Matthew Zifrony, ESQ.
'Outsourcing' General Counsel Benefits Business Health
Think of a corporate general counsel much like you would your primary care physician. They are responsible for overseeing all aspects of your company’s or organization’s legal health.
The general counsel’s mission is wide and varied, depending on the needs of the company. This may include bringing a legal eye to internal functions, such as HR, zoning, consumer protection, and contractual relationships with business partners and customers. They also keep watch on wider issues pertaining to legal and regulatory compliance, reporting and registrations, licensing and record retention, governance, taxation and finance, specific to the company’s business or sector.
The general counsel also oversees other counsel engaged to address specific legal needs or situations. These could include litigation and transactions, management of the company’s Environmental, Social and Governance (or ESG) policies or framework, or any of a wide range of matters facing the business.
It’s a far-reaching brief, and because of the expanding influence of ever-changing laws on business complexity, general counsel must be “more than just lawyers.” They increasingly are called upon to serve as senior advisors to management and business strategists.
Why should my company consider an outside general counsel?
Cost savings. Many small and mid-sized businesses cannot afford a full-time counsel with the acumen, experience and expertise the role requires today. It can be more cost-effective and efficient to “share” the services of an experienced attorney.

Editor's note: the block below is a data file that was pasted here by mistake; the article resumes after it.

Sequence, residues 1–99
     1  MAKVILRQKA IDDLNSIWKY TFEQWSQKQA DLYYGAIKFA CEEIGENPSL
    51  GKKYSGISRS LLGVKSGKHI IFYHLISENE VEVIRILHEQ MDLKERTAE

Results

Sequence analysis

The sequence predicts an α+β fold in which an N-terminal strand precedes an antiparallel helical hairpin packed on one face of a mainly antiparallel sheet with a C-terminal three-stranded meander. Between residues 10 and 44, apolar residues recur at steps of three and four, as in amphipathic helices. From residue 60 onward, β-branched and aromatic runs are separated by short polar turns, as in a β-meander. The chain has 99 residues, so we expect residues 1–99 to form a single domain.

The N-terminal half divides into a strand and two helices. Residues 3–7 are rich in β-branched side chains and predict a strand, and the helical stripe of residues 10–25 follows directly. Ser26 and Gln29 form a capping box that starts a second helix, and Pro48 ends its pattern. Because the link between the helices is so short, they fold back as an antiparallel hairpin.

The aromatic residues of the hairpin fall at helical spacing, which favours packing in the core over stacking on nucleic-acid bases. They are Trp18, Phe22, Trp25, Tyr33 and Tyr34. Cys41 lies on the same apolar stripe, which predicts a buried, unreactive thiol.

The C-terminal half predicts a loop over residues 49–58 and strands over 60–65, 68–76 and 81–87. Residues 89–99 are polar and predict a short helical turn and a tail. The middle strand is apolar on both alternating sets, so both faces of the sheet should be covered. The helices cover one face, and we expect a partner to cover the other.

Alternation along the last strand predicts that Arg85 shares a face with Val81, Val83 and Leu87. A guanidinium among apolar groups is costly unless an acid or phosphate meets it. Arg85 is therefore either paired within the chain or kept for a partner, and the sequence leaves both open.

Access to skilled attorneys. If part of a full-service firm, general counsel can draw on specialized expertise from across the corps of talented attorneys to supplement their knowledge set. This is especially beneficial when unexpected situations arise.
Grow as needed. As a business grows, an external counsel can help develop, organize and staff an internal legal function and manage the transition.
An entrepreneur’s partner. With the demonstrated capability to identify and manage legal needs and evaluate both opportunities, as well as threats and risks, the counsel can then help present reasonable options. They provide a 360-degree vision and an entrepreneur’s spirit to think like an owner to find new ways to get things done.
To set up an external general counsel relationship, seek out references for attorneys skilled in your industry or your particular needs. Once you’ve found an attorney whose skills and styles match your own, they will draft an arrangement that allows for ongoing commitment to your business, while also providing the flexibility to ensure all your legal needs, both known and unanticipated, are covered.
That relationship usually involves a base retainer, with a flex approach that anticipates specialized or high-volume legal services based on a given business or industry’s specific needs. These could include over-and-above business transactions, or crises and litigation.
Like a primary care physician, the general counsel helps care for the business. When crises erupt, their expertise may mitigate damage to protect its long-term health.
Director with Tripp Scott, Zifrony practices in the areas of entrepreneurial business, commercial real estate, and condominium and HOA.
For more than 50 years, Tripp Scott has played a leadership role in issues that impact business.
Learn more at TrippScott.com.